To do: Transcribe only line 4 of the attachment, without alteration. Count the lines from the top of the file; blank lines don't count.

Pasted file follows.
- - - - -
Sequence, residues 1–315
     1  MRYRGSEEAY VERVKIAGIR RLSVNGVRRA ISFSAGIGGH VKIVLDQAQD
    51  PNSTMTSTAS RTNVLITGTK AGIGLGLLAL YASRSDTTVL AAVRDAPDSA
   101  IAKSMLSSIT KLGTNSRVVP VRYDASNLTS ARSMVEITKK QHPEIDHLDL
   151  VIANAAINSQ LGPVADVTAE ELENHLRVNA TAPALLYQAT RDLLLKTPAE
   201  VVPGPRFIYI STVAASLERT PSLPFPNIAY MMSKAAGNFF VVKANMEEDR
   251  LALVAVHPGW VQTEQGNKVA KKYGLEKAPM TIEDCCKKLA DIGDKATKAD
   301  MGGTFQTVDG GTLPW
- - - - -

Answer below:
   101  IAKSMLSSIT KLGTNSRVVP VRYDASNLTS ARSMVEITKK QHPEIDHLDL